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Feedback After Numerous Attempts


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I really wanted to like Timberborn, I thought the concept was a lot of fun, but after 18 hours and numerous attempts I've found it impossible to get a colony up and running for any length of time.

I'm not new to these types of games, I've put a lot of hours into games like Surviving Mars, Frostpunk, the Anno series, Dyson Sphere Program and more. So I've had a fair amount of experience with these types of games. The trouble with Timberborn is, first of all, an inadequate tutorial that doesn't explain much. Beyond that, there were a few major problems.

First of all, wood is limited until you build the Forrester, which requires building the Inventor, as well as a water wheel and a lumber mill. This can take a fair amount of time, particularly when there's really no way to figure out just how much wood you're going to get out of a particular area. But beyond that, I just couldn't get the water wheel to work. The tool tip says it generates 90 HP, but no matter where I placed it it didn't generate anything close to that. The water appeared to have the same flow pretty much everywhere and I tried numerous locations and orientations. And this led to another problem where you get nothing back when you move a building. And at 50 wood moving the water wheel a few times is hugely resource and time-consuming. But no matter what I did the amount of power generated ranged from around 8 to around 35, not enough to even adequately power one mill. And there's no indication in the game as to which spots are better or worse.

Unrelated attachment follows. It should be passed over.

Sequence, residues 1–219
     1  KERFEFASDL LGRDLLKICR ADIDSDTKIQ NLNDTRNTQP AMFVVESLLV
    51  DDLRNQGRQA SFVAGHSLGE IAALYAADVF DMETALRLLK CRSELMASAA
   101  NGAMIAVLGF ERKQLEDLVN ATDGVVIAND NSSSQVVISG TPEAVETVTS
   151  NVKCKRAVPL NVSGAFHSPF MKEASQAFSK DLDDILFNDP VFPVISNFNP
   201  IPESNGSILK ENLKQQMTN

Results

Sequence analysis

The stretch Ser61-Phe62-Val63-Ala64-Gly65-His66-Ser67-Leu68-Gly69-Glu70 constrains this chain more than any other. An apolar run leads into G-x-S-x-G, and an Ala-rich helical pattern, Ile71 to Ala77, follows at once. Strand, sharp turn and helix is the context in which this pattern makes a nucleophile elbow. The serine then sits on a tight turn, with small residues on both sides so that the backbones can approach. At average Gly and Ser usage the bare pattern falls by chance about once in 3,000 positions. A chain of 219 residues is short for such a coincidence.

So time and time again there was this huge bottleneck trying to produce planks. This is made worse by the fact that you're limited to one beaver working in the mill, there's no way to expand production. And that means a huge delay in getting the Forrester built and getting replanting done, which leads to a huge wood shortage.